Biology & Philosophy

, Volume 27, Issue 1, pp 137–147

Collaboration and human social evolution: review of Michael Tomasello’s why we cooperate (MIT Press, 2009)

Review Essay


Michael Tomasello’s new book Why We Cooperate explores the ontogeny and evolution of human altruism and human cooperation, paying particular attention to how such behaviors allow humans to create social institutions.


Altruism Cooperation Stag hunt game Social institutions Culture and cognition 


  1. Boesch C (2001) Chimpanzee hunters: chaos or cooperation in the forest. In: Dugatkin LA (ed) Model systems in behavioral ecology: integrating conceptual, theoretical, and empirical approaches. Princeton University Press, Princeton and OxfordGoogle Scholar
  2. Boesch C (2005) Joint cooperation among wild chimpanzees: taking natural observations seriously. Peer Commentary to Tomasello et al. (2005)Google Scholar
  3. Bratman M (1992) Shared cooperative activity. Phil Rev 101(2):327–341CrossRefGoogle Scholar
  4. Brownell C, Ramani G, Zerwas S (2006) Becoming a social partner with peers: cooperation and social understanding in 1- and 2-year-olds. Child Dev 77(4):803–821Google Scholar
  5. Calcott B (2008) The other cooperation problem: generating benefit. Biol Philos 23:179–203CrossRefGoogle Scholar
  6. Eckerman C, Whitehead H (1999) How toddler peers generate coordinated action: a cross-cultural exploration. Early Educ Dev 10(3):241–266CrossRefGoogle Scholar
  7. Kerr B, Godfrey-Smith P, Feldman M (2004) What is altruism? Trends Ecol Evol 19(3):135–140CrossRefGoogle Scholar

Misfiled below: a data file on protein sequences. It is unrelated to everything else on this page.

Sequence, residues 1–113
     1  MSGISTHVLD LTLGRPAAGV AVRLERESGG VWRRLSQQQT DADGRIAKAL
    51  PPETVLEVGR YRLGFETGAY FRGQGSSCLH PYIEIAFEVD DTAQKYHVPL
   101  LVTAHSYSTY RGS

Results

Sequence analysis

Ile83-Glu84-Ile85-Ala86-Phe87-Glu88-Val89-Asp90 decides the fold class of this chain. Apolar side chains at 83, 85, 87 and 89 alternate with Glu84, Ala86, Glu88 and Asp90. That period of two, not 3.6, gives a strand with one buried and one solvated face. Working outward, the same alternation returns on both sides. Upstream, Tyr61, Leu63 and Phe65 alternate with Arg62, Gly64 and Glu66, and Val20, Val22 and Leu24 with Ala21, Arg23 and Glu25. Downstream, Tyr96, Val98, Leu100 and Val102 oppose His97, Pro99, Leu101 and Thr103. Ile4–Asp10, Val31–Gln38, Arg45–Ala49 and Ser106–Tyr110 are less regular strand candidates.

8. Liszkowski U, Carpenter M, Striano T, Tomasello M (2006) Twelve- and 18-month-olds point to provide information for others. J Cogn Dev 7:173–187CrossRefGoogle Scholar
  9. Melis A, Hare B, Tomasello M (2006) Chimpanzees recruit the best collaborators. Science 31:1297–1300CrossRefGoogle Scholar
  10. Searle J (1995) The construction of social reality. Free Press, New YorkGoogle Scholar
  11. Skyrms B (2004) The stag hunt and the evolution of social structure. Cambridge University Press, CambridgeGoogle Scholar
  12. Sober E, Wilson DS (1998) Unto others: the evolution and psychology of unselfish behavior. Harvard University Press, CambridgeGoogle Scholar
  13. Sterelny K (2003) Though in a hostile world: the evolution of human cognition. Blackwell, OxfordGoogle Scholar
  14. Sterelny K (2007) Social intelligence, human intelligence, and niche construction. Phil Trans R Soc Series B 362:719–730CrossRefGoogle Scholar
  15. Sterelny K (forthcoming) The fate of the third chimpanzeeGoogle Scholar
  16. Tomasello M (1999) The cultural origins of human cognition. Harvard University Press, CambridgeGoogle Scholar
  17. Tomasello M (2004) What kind of evidence could refute the UG hypothesis? Commentary on Wunderlich. Stud Lang 28(3):642–645CrossRefGoogle Scholar
  18. Tomasello M (2009) Why we cooperate. MIT Press, CambridgeGoogle Scholar
  19. Tomasello M, Carpenter M, Call J, Behne T, Moll H (2005) Understanding and sharing intentions: the origins of cultural cognition. Behav Brain Sci 28:675–691Google Scholar
  20. Warneken F, Tomasello M (2007) Helping and cooperation at 14 months of age. Infancy 11(3):271–294CrossRefGoogle Scholar
  21. Warneken F, Tomasello M (2009) Varieties of altruism in children and chimpanzees. Trends Cogn Sci 13(9):397–482CrossRefGoogle Scholar
  22. Warneken F, Chen F, Tomasello M (2006) Cooperative activities in young children and chimpanzees. Child Dev 77(3):640–663CrossRefGoogle Scholar

Copyright information

© Springer Science+Business Media B.V. 2010

Authors and Affiliations

  1. 1.Fresh Pond Research InstituteCambridgeUSA

Personalised recommendations